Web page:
Heart Health: Coenzyme Q10
CoQ10 or Coenzyme Q10 is important for energy production by cells and necessary for all the body’s organs to perform properly. It also has been found to reduce the risk of blood clots and death from heart attack. Our bodies produce some of this coenzyme in the form ubiquinol, but not enough to significantly reduce the risk of cardiovascular disease. Fish, some types of meat, and whole grains can also give you small amounts, but if you are at high risk for heart disease you may need to turn to supplements to get extra CoQ10. This supplement not only gives you 100 mg of pure ubiquinol, but also the extra wholefood nutrition of AFA bluegreen algae with its omega-3’s and flaxseed oil, reishi mushrooms, oyster mushrooms and polyphenols from olives.

Heart Health: Fats
The heart as well as the brain needs certain healthy fats to perform well. Omega-3 fatty acid is one of the fats these organs need for optimal health and has been reported to lower blood triglycerides, reduce plaque in arteries, lower blood pressure, and reduce abnormal heartbeat. Wild caught fatty, cold-water fish such as salmon, mackerel, tuna, herring, halibut, trout, and sardines are all good food sources for omega-3. You can also get omega-3 from nuts like almonds, walnuts, pistachios and peanuts and they give you fiber and vitamin E that support heart health. Other omega-3 sources include fish oil supplements, edamame, wild rice, spinach, kale, seeds like flax and chia, healthy oils like olive and flax, and AFA bluegreen algae. Another healthy fat to add to your heart health diet are monounsaturated fats such as are found in avocados, nuts, peanut butter, olives, and oils like olive oil, sunflower oil, grapeseed oil, soybean oil, and canola oil.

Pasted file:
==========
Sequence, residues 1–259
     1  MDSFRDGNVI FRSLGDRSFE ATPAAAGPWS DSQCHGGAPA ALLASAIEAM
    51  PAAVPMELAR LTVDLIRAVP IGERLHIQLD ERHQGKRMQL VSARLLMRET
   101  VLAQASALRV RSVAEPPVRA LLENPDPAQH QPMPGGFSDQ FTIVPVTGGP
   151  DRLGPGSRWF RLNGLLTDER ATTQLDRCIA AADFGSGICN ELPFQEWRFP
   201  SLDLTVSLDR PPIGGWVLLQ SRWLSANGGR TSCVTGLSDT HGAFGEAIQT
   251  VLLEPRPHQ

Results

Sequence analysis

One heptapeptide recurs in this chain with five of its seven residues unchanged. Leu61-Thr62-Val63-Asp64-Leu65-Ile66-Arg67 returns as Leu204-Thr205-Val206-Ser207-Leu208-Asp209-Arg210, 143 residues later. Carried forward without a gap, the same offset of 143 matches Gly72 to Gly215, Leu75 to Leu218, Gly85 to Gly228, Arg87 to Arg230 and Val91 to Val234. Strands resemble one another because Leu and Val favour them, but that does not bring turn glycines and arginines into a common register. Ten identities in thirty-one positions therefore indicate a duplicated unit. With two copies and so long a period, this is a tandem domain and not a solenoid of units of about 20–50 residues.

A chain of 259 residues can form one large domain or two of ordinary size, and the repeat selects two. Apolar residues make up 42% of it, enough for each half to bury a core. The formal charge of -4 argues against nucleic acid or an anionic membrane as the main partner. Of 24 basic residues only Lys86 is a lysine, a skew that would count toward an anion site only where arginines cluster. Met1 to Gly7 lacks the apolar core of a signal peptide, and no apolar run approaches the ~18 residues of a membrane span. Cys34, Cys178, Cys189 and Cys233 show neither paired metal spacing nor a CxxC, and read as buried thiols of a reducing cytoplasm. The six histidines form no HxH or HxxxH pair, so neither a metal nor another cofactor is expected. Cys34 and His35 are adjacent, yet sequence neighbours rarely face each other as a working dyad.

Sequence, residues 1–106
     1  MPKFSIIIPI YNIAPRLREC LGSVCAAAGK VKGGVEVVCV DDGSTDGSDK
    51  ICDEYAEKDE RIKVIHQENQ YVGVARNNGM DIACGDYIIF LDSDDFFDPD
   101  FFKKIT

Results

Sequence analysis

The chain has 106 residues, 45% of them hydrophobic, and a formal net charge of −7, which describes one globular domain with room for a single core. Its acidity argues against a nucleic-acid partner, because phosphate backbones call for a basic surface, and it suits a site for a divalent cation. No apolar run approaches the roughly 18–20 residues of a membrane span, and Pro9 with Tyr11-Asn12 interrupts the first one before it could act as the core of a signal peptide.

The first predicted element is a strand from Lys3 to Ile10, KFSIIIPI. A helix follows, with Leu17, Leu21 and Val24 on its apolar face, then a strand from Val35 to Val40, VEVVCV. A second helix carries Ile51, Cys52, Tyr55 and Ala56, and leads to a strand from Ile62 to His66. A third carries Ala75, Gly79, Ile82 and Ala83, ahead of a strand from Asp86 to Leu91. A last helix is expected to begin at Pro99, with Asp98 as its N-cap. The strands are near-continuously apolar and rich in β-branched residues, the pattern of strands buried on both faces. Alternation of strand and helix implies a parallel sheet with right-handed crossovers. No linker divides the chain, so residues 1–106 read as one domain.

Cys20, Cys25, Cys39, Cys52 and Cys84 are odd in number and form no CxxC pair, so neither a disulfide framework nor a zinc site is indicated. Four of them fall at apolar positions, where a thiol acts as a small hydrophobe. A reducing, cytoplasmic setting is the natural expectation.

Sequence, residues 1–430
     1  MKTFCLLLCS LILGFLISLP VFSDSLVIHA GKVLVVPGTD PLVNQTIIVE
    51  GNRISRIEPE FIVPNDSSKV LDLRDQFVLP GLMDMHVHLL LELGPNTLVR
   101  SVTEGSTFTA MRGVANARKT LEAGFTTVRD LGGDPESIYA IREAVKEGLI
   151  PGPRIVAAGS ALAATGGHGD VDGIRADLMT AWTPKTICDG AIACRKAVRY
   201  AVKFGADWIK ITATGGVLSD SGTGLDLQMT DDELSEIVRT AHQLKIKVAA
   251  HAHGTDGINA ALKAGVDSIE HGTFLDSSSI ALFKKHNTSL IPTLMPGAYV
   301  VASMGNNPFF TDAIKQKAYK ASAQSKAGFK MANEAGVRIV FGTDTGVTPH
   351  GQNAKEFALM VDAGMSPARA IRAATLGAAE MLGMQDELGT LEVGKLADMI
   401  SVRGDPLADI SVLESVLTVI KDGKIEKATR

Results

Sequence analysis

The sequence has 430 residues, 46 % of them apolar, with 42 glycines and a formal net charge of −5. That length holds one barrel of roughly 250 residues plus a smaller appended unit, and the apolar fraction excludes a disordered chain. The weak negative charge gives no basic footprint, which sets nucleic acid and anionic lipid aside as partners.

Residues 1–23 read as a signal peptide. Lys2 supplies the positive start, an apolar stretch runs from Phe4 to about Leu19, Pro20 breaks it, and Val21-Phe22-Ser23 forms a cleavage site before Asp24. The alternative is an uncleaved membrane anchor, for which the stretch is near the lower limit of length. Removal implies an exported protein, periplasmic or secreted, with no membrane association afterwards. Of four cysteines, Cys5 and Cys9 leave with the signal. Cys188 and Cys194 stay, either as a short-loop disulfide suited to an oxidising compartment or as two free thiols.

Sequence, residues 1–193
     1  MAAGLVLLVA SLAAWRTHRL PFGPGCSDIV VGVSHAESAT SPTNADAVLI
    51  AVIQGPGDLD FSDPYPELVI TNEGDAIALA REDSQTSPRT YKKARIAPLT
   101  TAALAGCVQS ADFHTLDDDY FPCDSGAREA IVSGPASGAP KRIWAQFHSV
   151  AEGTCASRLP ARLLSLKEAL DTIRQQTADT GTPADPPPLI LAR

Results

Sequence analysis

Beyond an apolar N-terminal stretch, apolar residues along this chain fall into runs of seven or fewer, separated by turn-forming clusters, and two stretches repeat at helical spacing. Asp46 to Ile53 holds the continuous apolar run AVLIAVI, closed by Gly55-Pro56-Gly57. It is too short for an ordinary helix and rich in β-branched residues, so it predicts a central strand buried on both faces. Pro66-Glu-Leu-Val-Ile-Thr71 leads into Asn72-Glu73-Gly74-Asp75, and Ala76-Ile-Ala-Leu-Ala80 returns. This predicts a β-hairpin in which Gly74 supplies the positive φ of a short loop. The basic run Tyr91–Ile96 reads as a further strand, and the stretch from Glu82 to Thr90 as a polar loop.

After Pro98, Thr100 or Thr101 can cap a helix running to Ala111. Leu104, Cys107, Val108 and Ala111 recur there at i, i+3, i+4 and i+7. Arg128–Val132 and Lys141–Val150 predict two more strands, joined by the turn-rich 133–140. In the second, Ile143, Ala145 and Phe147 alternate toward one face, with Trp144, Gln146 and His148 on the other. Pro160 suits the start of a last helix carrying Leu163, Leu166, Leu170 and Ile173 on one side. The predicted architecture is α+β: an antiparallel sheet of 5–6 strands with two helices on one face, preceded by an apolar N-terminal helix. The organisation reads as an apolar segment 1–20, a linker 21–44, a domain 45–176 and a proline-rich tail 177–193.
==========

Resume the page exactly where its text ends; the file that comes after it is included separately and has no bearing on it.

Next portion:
Heart Health: Fiber
Experts such as Lauren Graf, co-director of the New York City Cardiac Wellness Program at Montefiore Medical Center, advocate adding fiber to a heart healthy diet as it absorbs cholesterol from food in the digestive system keeping it out of the bloodstream and thus lowering our cholesterol levels. Foods such as fruits, vegetables, legumes, chia seeds, potatoes, and whole grains are all great foods to add to your heart healthy diet for fiber. There are also natural supplements such as psyllium that have been found to reduce LDL cholesterol levels, increase HDL cholesterol levels, and lower blood pressure.

Heart Health: Lean Protein